Vermont’s Governor Scott has bemoaned the stagnant population growth in Vermont causing a worker scarcity and a shortage of thirty thousand students in our schools that has created an education funding crunch forcing the consolidation and even the closing of some area schools. This shortage of students has grown as the years have gone by which now appears to be playing a part triggering a crisis in our colleges throughout Vermont, many of which are closing their doors due to lack of enrollment. The worker deficiency is so bad that Vermont has felt compelled to offer out-of-staters up to $10,000 to come, live and work in rural Vermont.

Art Woolf, an associate professor of economics at UVM who served three years as economic advisor to Vermont’s former Governor, Madeline Kunin, noted the reason for the low population numbers was clear for major areas of Vermont. “…the number of babies being born is less than the number of people dying. That is, what demographers call the natural rate of population increase is negative.” With over two thousand babies being aborted per year in Vermont the effect on the natural rate of population increase is understandably negative. Those children would grow up to have children and could well account since 1972 for today’s thirty thousand student shortfall.

The other reason Professor Woolf cited is that practically every county in Vermont has “experienced net out-migration — more people are moving out of those counties to other Vermont counties or to other states, compared to the number moving in.” Extreme taxation by an excessively large and over-controlling government are often heard as the reason for people moving out of state. This coupled with the birth-rate decline results in fewer people, fewer businesses, fewer good paying jobs, causing fewer reasons for people to want to stay here or to provide reasons for new people to want to come and settle here.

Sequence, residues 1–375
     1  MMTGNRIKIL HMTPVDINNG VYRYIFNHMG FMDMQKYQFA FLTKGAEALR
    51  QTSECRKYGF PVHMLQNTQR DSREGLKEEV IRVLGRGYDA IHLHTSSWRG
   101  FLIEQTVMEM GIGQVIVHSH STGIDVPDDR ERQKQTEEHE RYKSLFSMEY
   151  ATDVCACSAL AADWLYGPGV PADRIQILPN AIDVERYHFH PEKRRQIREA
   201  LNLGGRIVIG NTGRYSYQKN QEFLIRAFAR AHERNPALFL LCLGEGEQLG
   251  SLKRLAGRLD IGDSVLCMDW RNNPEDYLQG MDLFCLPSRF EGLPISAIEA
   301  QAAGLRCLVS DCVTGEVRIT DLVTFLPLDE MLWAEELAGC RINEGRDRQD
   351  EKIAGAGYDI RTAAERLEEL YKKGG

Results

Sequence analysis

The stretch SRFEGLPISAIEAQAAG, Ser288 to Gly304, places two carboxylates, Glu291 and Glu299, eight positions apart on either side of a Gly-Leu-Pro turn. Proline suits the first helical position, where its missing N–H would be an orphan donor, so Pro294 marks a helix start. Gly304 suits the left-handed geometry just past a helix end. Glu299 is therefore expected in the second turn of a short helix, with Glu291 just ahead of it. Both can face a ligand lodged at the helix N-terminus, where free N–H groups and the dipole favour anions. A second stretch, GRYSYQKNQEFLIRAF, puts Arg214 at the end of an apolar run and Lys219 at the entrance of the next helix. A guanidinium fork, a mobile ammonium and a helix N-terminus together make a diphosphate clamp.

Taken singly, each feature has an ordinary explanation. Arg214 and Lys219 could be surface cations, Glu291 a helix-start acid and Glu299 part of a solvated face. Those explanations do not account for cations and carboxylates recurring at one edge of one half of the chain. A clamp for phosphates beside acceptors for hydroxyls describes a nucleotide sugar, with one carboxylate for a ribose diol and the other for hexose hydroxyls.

There is little doubt that the Georgia law will be challenged by Planned Parenthood, the ACLU and other death-culture minded activist groups. Other similar “heartbeat abortion” ban bills have been signed into law in other states and other states are considering the same. Some challenges to these laws may be successful or temporarily block their operation. As that occurs, the pressure will increase on the high court to settle the area and once and for all decide an issue, that like none other, has emotionally and morally divided our nation. In Georgia such a legal challenge is expected and even welcomed. Georgia Governor Kemp said “We will not back down. We will always continue to fight for life.” Conversely, Vermont will not back down either, not because of a concern for life, but because the Democrats are in power and can do whatever they please. That is the reality for now, but Vermont could be the case that goads the high court into action and triggers a ruling that will be consistent with the US Constitution’s mandate to protect life.

None of this can be turned around overnight, but now is the time for some public introspection, actions and decisions that will allow for natural growth in Vermont and the nation. Failing to choose life by the lawmakers will ultimately lead to a mandate from the high court to do just that.